The "Hormuz Peace Initiative" to be proposed by President Hassan Rouhani in the ongoing UN General Assembly meeting is a "countermeasure" to the U.S. attempts to nurture Iranophobia, Iranian expert of international issues Morteza Makki said Tuesday.
کد خبر: ۹۲۵۸۱۴
تاریخ انتشار: ۰۳ مهر ۱۳۹۸ - ۱۰:۲۲ 25 September 2019

The "Hormuz Peace Initiative" to be proposed by President Hassan Rouhani in the ongoing UN General Assembly meeting is a "countermeasure" to the U.S. attempts to nurture Iranophobia, Iranian expert of international issues Morteza Makki said Tuesday.

"Iran's plan (of Hormuz Peace Initiative) is more a countermeasure to (the U.S. President Donald) Trump administration's attempts which are aimed at creating an Iranophobia environment in the region and in the world," said Makki.

Rouhani said Monday that Iran's inclusive "Hormuz Peace Initiative" seeks to establish durable peace among the regional states.

"We hope we could unfold this initiative (in the UN meeting) and announce to the world that Iran is seeking a lasting peace in the region and is ready to attend a dialog (with the regional states over the initiative) in the presence of the United Nations," Rouhani said.

He noted that Iran's plan is aimed at securing the shipping lines in the Strait of Hormuz and establishing regional peace and cooperation.

Likewise, the United States has proposed the formation of a coalition to protect international shipping in and near the Strait of Hormuz.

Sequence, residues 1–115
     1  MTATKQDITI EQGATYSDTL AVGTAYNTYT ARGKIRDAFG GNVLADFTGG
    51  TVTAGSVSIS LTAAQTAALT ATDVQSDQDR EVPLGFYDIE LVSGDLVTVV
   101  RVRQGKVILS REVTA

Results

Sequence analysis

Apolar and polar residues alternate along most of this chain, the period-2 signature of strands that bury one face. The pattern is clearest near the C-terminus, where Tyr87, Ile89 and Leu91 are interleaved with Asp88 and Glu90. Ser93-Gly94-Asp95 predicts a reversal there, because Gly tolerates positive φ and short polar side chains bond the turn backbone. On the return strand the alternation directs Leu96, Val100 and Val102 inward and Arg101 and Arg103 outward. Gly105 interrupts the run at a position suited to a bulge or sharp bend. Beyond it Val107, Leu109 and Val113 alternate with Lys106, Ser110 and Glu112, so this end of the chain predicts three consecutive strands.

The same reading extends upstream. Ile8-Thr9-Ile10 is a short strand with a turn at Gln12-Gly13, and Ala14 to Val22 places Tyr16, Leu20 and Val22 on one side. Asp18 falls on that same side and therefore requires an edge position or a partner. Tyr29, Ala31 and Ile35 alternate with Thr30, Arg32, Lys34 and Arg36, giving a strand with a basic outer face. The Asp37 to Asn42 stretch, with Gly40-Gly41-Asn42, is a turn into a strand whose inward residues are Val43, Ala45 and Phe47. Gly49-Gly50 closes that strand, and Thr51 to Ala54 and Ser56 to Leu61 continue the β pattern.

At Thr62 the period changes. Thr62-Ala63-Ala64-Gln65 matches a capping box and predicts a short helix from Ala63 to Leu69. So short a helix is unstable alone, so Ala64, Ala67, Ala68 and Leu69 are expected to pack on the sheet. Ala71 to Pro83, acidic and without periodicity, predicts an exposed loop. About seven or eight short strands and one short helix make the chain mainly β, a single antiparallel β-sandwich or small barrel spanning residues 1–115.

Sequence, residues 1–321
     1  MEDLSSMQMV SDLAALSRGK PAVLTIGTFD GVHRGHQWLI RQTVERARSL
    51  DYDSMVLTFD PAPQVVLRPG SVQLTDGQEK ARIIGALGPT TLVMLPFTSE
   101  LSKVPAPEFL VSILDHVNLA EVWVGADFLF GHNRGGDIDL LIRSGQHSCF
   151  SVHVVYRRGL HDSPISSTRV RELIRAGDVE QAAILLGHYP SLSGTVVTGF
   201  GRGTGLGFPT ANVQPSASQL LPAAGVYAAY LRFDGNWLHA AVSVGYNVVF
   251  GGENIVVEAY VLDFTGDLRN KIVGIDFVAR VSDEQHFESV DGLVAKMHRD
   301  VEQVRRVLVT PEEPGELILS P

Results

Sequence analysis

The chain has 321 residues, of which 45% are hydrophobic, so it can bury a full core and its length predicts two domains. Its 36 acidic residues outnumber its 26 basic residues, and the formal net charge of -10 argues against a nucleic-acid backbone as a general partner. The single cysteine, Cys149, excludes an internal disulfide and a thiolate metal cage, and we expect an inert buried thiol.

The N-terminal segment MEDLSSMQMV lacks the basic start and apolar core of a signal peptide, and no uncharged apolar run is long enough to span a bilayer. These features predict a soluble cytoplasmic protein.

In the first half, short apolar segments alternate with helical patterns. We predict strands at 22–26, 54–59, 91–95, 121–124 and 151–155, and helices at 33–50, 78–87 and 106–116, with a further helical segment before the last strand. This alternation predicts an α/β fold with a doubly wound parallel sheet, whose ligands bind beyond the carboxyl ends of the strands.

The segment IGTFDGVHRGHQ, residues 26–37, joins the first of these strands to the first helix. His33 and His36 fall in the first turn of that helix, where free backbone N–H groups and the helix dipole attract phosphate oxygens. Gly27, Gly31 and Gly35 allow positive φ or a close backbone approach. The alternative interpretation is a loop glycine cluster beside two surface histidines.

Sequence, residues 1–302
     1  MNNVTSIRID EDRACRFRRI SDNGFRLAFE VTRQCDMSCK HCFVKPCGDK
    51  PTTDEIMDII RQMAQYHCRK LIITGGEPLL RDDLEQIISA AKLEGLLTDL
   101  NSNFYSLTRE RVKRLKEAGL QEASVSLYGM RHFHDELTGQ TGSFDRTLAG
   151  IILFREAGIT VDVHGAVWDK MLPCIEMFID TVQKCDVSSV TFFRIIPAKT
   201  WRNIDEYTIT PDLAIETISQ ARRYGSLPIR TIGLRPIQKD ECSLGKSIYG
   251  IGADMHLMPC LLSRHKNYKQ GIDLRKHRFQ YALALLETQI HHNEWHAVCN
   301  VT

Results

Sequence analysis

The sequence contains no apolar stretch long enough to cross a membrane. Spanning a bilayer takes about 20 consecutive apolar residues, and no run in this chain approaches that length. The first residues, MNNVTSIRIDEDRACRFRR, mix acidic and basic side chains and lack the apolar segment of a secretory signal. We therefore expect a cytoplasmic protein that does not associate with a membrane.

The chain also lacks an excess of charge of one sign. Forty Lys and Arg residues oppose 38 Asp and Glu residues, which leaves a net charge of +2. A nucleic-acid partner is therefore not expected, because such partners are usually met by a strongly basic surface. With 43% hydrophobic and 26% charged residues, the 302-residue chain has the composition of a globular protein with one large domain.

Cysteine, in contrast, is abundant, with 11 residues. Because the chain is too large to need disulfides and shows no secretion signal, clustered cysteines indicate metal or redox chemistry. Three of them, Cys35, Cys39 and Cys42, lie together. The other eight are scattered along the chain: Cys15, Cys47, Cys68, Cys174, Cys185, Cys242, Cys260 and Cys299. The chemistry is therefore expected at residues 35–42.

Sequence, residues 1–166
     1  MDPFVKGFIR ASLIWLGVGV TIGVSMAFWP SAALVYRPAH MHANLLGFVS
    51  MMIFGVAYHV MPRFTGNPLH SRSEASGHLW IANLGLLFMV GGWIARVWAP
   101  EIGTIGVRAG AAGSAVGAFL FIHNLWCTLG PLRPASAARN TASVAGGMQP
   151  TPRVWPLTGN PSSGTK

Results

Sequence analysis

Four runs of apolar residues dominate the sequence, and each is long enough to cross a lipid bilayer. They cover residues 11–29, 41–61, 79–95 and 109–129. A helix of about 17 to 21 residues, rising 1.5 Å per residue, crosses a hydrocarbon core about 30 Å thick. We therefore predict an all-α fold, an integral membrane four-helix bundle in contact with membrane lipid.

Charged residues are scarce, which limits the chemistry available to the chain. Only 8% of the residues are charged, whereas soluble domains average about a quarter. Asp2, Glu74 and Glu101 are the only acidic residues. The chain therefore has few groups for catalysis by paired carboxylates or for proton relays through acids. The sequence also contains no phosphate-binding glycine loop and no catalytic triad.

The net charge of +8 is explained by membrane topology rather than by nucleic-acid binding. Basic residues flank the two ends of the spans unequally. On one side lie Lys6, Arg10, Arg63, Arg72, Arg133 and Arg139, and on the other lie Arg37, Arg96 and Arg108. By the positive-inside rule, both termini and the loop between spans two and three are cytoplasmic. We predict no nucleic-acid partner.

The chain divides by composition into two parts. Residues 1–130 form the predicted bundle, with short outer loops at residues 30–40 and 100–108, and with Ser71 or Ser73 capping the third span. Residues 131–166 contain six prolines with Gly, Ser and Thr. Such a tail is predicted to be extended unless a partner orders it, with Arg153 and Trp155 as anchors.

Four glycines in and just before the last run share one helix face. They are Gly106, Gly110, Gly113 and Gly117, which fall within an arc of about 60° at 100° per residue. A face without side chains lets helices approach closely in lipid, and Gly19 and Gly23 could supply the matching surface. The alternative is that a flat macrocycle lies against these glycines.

The maritime alliance proposal by the United States came after the seizure of British oil tanker, the Stena Impero, by Iran in July for "violation of maritime regulations in the Strait of Hormuz."

Under the U.S. plan, the coalition would provide coordination among ships and head up surveillance efforts, patrol and provide escort to commercial ships flying their flags.

Following the U.S. offer, the United Arab Emirates, Saudi Arabia and Bahrain joined Britain and Australia in the coalition. However, Washington has been unable to persuade its other European NATO allies to come aboard.

"For sure, after two months of efforts, Washington has failed to persuade regional and transregional states to set up a coalition," Makki said.

Some preconditions and requirements should be met to form any alliance like these, he explained, adding that to this end, the countries should resolve some bilateral issues initially.

The United States needs to settle some disagreements and rivalries with some states, and Iran and Saudi Arabia should resolve their mutual differences first, said Makki.

Over the past years, the United States has distanced itself from its European allies following Trump's unilateral withdrawal from the landmark 2015 Iranian nuclear deal.

In the meantime, the rivalry between Iran and Saudi Arabia has bittered up as Iran has in many ways won the regional influence, like in Syria, Yemen and Iraq, to largely rout Sunni groups backed by the kingdom.

Under such conditions, "the prospect of forming such alliances whether through the U.S. or the Iranian initiatives is not unlikely, if to say so, but very difficult in short run," Makki pointed out.

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